On the YIMBY case…

  • Housing supply constraints are to blame for high rents in powerhouse cities, and may constitute an important drag on productivity growth and a cause of macroeconomic stagnation.

On the YIMBY pro-market framing…

  • “Market urbanists” present themselves as capitalist deregulators but I think they can be described with equal accuracy as radical redistributionists.

On the futility of this framing…

  • Homeowners understand their actions not as monopolizing the housing market but as protecting their homes and neighborhoods from the market. Telling people to think of their homes as a commodity upon which market forces should be brought to bear in order to ensure production of housing services at competitive prices is obtuse. People purchase property, rather than renting, largely to gain security and control, to escape the vicissitudes of the market. The worst place to emphasize “deregulation”.
  • People experience individual not aggregate outcomes, and individual outcomes are usually riskier than aggregate incomes. it is rationally hard to persuade individuals to consent to policy changes that, in aggregate terms, would meet a return-to-risk hurdle but at an individual level might not. When market urbanists point to how much more productive and awesome the city as a whole might become, they are missing this point.

How misunderstanding rent-control exacerbates the already poor framing…

  • If you frame your solution as being about “freeing markets”, you are likely to oppose rent control on naive and misleading Econ 101 grounds. Price controls, you have been taught, create scarcity, by eliminating the incentive to produce up to the market-clearing quantity…In the prosperous cities where we perceive housing crisis, market-rate housing is already priced at levels that would attract further development, if only the polity could be persuaded to allow it. New construction is market-rate housing: It is almost never subject to rent controls. The existence of rent controls on older buildings does suggest a danger that housing built today might someday be placed under rent controls too, sure. But that risk is already priced into market-rate development. If market-rate apartments sell for substantially more than their physical cost of replacement, then the market deems the risk of future value-impairing rent regulation to be sufficiently small, or sufficiently distant, or the present demand for housing to be sufficiently acute, as to cover that risk. The Econ 101 case against rent controls only holds if the threat of controls prevents the market value of newly produced rentable properties from substantially exceeding the cost of development after regulatory hurdles have been overcome. This is not what we observe in real life. Impaired prices are simply not the binding constraint on new development.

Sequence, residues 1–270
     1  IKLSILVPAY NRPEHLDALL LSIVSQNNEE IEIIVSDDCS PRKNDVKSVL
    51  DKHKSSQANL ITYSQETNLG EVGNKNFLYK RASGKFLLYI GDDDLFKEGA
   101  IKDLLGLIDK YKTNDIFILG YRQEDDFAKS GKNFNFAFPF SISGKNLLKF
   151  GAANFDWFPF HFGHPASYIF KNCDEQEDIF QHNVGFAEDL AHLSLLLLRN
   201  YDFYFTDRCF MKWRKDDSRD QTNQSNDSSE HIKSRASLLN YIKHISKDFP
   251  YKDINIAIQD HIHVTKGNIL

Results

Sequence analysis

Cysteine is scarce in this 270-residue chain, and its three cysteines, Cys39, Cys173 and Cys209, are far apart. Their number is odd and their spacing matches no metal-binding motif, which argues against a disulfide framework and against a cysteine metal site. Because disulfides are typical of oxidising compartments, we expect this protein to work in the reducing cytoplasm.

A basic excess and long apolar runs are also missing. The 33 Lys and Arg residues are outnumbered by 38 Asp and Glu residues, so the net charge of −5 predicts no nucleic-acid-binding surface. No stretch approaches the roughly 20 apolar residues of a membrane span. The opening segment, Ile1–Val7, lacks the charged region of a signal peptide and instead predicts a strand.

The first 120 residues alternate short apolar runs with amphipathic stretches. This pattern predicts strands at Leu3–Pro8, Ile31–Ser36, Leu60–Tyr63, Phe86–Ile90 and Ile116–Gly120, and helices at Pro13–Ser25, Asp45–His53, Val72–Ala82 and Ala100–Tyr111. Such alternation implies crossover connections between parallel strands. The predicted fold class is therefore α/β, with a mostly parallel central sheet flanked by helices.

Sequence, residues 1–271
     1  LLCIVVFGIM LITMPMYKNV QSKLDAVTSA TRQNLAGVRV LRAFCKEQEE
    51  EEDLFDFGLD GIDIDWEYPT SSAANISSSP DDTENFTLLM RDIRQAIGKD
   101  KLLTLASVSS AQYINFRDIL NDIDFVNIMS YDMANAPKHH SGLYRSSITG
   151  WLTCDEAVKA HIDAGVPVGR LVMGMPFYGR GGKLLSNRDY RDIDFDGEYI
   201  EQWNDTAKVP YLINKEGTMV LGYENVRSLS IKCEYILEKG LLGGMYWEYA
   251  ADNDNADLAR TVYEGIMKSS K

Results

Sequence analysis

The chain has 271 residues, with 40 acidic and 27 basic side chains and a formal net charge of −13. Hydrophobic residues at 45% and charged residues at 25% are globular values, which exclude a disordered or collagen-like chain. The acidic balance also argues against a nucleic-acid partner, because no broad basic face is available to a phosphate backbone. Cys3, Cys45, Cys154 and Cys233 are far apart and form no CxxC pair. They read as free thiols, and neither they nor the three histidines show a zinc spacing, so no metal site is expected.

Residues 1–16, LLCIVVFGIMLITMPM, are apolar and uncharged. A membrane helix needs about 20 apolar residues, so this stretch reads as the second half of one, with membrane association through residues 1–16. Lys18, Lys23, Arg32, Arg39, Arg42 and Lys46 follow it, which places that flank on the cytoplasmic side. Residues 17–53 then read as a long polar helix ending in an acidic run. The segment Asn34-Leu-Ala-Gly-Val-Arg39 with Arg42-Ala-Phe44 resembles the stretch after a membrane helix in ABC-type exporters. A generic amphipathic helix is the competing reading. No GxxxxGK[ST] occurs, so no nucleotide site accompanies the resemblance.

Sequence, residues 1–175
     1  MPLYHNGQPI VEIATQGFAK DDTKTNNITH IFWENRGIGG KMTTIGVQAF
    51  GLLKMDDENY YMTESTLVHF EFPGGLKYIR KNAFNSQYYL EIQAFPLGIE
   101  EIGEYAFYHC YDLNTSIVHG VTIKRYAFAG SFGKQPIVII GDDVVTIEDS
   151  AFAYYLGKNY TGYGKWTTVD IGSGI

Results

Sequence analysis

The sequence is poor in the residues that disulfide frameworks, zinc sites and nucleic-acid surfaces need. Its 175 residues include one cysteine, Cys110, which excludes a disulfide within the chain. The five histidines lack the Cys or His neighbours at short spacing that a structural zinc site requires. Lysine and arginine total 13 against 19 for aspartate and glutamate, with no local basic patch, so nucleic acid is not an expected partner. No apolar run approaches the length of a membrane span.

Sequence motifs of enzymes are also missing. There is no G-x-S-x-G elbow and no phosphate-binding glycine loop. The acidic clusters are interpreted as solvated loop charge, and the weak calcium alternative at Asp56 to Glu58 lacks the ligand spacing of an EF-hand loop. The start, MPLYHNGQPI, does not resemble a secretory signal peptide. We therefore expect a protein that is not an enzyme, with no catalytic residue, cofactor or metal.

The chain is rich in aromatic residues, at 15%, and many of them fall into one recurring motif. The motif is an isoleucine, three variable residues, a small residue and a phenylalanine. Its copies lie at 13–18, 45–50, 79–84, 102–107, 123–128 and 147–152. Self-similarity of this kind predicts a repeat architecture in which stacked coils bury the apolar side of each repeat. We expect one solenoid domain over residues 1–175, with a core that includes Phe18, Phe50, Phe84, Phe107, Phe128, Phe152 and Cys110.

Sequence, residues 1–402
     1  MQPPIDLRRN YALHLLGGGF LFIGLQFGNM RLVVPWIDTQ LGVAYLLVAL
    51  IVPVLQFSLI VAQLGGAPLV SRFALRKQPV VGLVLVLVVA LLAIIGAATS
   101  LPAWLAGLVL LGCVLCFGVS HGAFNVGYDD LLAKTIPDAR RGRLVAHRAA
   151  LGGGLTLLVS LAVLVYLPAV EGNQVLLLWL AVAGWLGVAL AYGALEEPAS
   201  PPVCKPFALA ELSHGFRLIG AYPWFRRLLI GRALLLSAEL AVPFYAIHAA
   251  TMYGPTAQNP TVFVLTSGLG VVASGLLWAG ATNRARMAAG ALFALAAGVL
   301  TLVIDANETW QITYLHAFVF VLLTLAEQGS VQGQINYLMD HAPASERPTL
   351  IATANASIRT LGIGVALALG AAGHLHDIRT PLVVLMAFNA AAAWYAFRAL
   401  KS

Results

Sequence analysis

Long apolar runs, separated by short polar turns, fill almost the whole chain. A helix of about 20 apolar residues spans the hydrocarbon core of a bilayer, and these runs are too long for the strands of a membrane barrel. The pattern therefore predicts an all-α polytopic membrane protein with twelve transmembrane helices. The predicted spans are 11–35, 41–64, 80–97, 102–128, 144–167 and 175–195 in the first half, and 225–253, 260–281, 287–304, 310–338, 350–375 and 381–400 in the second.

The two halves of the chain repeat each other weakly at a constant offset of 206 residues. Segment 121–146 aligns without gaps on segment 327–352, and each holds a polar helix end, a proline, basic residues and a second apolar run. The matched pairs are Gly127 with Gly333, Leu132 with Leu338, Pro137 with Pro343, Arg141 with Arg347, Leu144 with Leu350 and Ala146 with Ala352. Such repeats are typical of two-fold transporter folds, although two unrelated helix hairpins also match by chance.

• Market urbanists unnecessarily make enemies of a critical constituency, tenants in rent-stabilized apartments who have extraordinarily much to lose.

Ending with a shrug…

  • I don’t advocate trying to impose price ceilings on existing market-rate housing. That would be an expropriation at least as unfair and politically challenging as eliminating zoning restrictions. Plus, maximizing the quantity of housing supplied cannot be our sole, overriding objective. There is much to be said for encouraging “neighborhood capital” production, incentivized in part by the prospect of rising home values, as a means of increasing quality of life and sheer aesthetic joy, despite the “NIMBY-ism” it rationally provokes. There are trade-offs.
  • Urban housing is a really hard problem. We’ll need lots of inspiration. That economics textbook might help a little, but don’t try to use it as a cookbook.